An amazing array of about 150 patients attended: a young woman with VWD who had ovarian cysts and almost died but did not, due to one of Project SHARE's donations; a young boy with hemophilia in great shape thanks to Ms. Faiza, the HPWS's wonderful physical therapist; a baby who had a head bleed and sadly developed hydrocephalus and retardation--he was tenderly cradled by his devoted mother; a factor I deficient family whom we have pledged to help. I am happy to say the success stories by far outnumber the tragedies thanks to the dedicated care of the HPWS team. I was especially impressed by how the HPWS is grooming young men and women with hemophilia and VWD to assume leadership of their organization. Not an easy thing to do when there is limited factor and resources.
After the celebration and speeches came lunch, a Q&A, much hugging, smiling, sharing, curiosity. The patients, all Muslims and mostly poor, seemed genuinely touched that we had traveled all the way from the United States.
After the event, Dr. Shahla, who has spearheaded the founding and development of HPWS Lahore, and who herself has VWD, organized a fantastic trip to the Pakistan/India border to witness the "Flag Ceremony," a ceremonial military show on both sides of the border of India and Pakistan, which are separated by only five feet called "No Man's Land." The spectacle was complete with goosestepping Punjabi militia, bugle blowing, shouted commands, flag waving, and tremendously cheering spectators on both sides, who cried "Long Live Hindustan" in reply to "Jiva Jiva Pakistan!" It was thrilling to see the iron gates of both countries open for one hour and for both sides to mirror their moves alternately in a mock display of military might for the crowds.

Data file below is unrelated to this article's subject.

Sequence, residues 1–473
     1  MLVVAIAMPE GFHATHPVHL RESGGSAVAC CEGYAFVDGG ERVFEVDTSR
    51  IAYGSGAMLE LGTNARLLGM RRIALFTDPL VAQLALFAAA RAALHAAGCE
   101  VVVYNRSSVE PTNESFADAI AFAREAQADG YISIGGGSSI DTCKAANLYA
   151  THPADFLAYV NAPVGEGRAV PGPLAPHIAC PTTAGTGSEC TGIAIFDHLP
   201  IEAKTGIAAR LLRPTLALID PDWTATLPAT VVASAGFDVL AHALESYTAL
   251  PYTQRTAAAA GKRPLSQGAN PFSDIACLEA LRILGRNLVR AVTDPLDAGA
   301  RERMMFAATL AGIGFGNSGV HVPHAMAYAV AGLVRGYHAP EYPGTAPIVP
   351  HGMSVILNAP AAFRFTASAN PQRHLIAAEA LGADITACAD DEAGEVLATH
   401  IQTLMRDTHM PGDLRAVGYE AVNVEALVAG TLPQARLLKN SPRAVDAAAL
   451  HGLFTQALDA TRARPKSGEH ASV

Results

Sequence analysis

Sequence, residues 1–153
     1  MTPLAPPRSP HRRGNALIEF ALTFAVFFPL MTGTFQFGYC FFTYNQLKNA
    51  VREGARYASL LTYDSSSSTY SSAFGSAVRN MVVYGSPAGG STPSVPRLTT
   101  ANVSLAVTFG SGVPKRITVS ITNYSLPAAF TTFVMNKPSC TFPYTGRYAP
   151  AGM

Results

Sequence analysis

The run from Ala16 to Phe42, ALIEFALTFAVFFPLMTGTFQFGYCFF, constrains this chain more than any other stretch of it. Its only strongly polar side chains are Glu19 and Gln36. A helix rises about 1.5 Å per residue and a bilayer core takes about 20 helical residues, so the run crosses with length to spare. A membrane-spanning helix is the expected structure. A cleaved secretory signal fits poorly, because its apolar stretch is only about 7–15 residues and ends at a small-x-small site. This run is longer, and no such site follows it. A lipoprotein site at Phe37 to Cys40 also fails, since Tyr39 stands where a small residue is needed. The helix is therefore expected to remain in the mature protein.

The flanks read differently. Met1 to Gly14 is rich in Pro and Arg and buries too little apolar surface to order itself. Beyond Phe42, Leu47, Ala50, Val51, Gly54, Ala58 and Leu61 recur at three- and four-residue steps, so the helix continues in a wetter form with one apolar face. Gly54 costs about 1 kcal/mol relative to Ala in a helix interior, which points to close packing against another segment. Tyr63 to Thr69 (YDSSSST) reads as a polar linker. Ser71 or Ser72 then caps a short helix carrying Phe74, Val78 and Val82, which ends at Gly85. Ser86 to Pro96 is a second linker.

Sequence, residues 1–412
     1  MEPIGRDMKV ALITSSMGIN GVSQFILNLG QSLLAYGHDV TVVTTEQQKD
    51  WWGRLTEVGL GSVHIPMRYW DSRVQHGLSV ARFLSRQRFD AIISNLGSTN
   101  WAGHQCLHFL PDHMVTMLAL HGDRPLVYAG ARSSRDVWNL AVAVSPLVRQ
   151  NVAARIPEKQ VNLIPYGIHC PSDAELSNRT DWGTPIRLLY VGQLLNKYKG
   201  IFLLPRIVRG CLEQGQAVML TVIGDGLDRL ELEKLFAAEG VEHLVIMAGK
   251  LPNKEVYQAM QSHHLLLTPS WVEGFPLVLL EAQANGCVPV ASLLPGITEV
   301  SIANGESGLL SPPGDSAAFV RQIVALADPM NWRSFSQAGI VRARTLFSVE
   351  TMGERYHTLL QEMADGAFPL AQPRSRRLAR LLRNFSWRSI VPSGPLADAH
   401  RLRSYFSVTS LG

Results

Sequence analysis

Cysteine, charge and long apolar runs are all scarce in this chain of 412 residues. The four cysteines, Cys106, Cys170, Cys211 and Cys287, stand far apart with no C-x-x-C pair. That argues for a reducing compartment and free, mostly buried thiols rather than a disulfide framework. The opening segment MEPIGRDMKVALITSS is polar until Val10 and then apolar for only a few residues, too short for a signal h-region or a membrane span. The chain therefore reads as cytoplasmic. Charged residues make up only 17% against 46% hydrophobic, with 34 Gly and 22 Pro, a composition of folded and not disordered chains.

We thank the HPWS Lahore for inviting us today and allowing us to learn, teach, share and celebrate!
(Photos: World Hemophilia Day, Lahore, Laurie with girl with VWD who was operated on with SHARE donated factor, "Jiva jiva Pakistan!" at the India/Pakistan border.)
Posted by Laurie Kelley at 8:51 PM
Tuesday, April 17, 2007
Today is April 17, the birth date of Frank Schnabel, a Californian with hemophilia who founded the World Federation of Hemophilia 44 years ago. I am privileged to be able to spend this important day with our friends in Pakistan!
Julia Long, director of Project SHARE and I are having an exciting and fascinating trip. We arrived on Saturday in Karachi after a 20 hours in transit and within a few hours Julia was having a camel ride by the Arabian sea! On Sunday evening we flew to Islamabad, the capital, in preparation for today. On Monday we toured the government hospital, PIMS, which offers free care to all with hemophilia. I visited this center in April 16, 1999, on my first trip to Islamabad, and on that very day eight years ago helped to open the Rawalpindi chapter in a general meeting with patients, parents and treaters. (Rawalpindi is a town next to Islamabad, and the location of PIMS) It was an incredible feeling to be back, and to see how our initial efforts have blossomed. They not only have a comprehensive treatment center, but a strong, vibrant chapter that could be a role model for other developing countries. Congratulations on this day to this amazing chapter, and to amazing Pakistan!